Design by Dave Gerr Commentary by Joel White

The design for Summer Kyle first came to my notice in the form of a press release from Gerr Marine. While I tend to digest press releases with a considerable sprinkling of salt, anything from the board of Dave Gerr interests me, and Summer Kyle proved to be no exception. Designs from his office are usually no-nonsense, good-looking boats, with a considerable leaning toward traditional styling. A glance at the outboard profile of this design would seem to confirm this assessment.

Yet there is much about this boat that is not usual or traditional — once the outer veneer of the 1930s styling is peeled away. Most noticeable are her hull shape and her shallow draft; these two elements are integrally related to each other.

Quoting the press release: "Summer Kyle was designed for a client who wanted extreme shoal draft, economical operation at moderate speed, and relatively long range on a vessel he and his wife could live on for several months at a time — 'long exploring vacations.' He specifically requested 1920s to 1930s styling."

In order to achieve very shoal draft in a single-screw powerboat, Gerr has used a hull form derived from the old Sea Bright skiffs of the New Jersey coast — a narrow flat bottom, horizontal chines starting about Station 4 and running to the stern, and a tunnel stern (which Gerr credits to naval architect William Atkin). The tunnel, starting about amidships, is an inverted V-shape, with the box deadwood separating it into two tunnels from Station 6 to Station 9. From Station 9 to the transom, the tunnel is a single inverted V, with straight sections running from the submerged chines to the centerline of the transom above the designed waterline. The perspective lines sketch shows the shape clearly.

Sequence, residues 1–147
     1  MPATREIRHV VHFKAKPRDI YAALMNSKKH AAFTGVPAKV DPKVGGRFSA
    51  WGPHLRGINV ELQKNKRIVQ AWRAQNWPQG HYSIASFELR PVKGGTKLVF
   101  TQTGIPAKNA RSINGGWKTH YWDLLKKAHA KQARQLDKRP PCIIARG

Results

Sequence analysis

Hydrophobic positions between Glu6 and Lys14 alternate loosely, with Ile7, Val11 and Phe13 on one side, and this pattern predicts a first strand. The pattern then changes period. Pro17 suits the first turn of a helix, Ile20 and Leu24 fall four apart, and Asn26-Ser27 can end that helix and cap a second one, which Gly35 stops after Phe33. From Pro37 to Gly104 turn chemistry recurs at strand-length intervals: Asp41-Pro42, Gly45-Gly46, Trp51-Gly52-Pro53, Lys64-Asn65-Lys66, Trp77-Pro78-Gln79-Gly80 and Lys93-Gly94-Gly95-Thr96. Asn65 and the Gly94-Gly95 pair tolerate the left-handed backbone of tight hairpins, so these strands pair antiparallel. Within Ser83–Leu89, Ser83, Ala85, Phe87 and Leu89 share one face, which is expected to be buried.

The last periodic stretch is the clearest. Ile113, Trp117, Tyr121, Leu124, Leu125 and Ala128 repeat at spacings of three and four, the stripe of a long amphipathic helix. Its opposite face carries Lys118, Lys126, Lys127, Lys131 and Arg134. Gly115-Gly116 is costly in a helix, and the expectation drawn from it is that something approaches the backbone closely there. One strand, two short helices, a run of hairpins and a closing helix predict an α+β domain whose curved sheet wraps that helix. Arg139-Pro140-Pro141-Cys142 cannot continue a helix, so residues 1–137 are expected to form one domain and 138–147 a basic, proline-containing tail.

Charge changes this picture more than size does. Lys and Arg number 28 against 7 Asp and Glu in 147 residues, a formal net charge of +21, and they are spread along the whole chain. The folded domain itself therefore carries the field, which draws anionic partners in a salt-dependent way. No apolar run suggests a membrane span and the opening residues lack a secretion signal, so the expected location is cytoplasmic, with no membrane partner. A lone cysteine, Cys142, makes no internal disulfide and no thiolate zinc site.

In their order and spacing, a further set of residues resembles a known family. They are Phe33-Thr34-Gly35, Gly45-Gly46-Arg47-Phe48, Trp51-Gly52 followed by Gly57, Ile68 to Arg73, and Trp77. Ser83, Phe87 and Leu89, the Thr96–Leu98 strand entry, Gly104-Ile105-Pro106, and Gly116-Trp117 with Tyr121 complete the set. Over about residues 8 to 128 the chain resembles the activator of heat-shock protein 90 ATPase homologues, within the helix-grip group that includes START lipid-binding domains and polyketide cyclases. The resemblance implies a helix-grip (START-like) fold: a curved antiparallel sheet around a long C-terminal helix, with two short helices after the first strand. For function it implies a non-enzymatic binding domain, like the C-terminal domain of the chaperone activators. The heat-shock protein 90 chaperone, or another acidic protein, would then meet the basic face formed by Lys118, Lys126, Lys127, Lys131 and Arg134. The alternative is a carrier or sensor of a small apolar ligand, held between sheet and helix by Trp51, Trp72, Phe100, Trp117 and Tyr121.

With the boat floating at rest on its designed waterline, about one-third of the 22-inch-diameter propeller is above water while the remainder is submerged. The shaft is horizontal, as the flat bottom construction allows the engine to be mounted low in the boat.

There is much that appeals about this tunnel configuration; the shoal draft will permit exploration of many places that are off-limits to deeper craft. Gerr states, "You can run at full cruising speed anywhere there's 24 inches of water or more — a simply incredible, almost unbelievable thing!" If I were running at 14 knots in 24 inches of water, I believe my heart would be in my throat the whole time for fear I might suddenly arrive at a place with only 18 inches of water!

The flat bottom is to be plated with '/-inch copper-nickel plate, and the boat can be grounded out without fear of her falling over, another appealing trait. The propeller and rudder are well protected from damage by the box deadwood and skeg that support the bottom of the rudder.

I do have some concerns about this tunnel. A naval architect friend who has done dozens of designs with tunnel sterns tells me there are two definite no-no's in tunnel design: First, the top of the back end of the tunnel must be completely below water when the boat is at rest; otherwise, when the engine is put into reverse, the propeller will fill the tunnel with air bubbles and the boat will not back down. The second concern is that the rudder when turned must not close off the tunnel,

Particulars, Summer Kyle LOA 41'6" LWL 39'2" Beam 11'6" Draft V7" Displ 15,960 lbs Power 170-hp Yanmar Cruising speed 12 to 14 knots Top speed_16 knots_

Schnellboot Hull Pdf

Summer Kyle s lineage can be traced through William Atkins tunnel-sterned designs back to the Sea Bright skiffs of the New jersey shore.

Summer Kyle s lineage can be traced through William Atkins tunnel-sterned designs back to the Sea Bright skiffs of the New jersey shore.

Seabright Skiff Plans

LXX A Tunnel-SternedMotor Cruiser as there needs to be plenty of room for the slipstream from the prop to escape. Summer Kyle's design seems to violate the first rule. In talking to Gerr about this, he told me that Atkin had a number of boats built with this tunnel arrangement, some of which are still in service.

My friend also tells me that if there is too much hook downward in the after end of the tunnel, the boat will run bow-down and consequently be very wet. I can't judge if this will be a problem with Summer Kyle.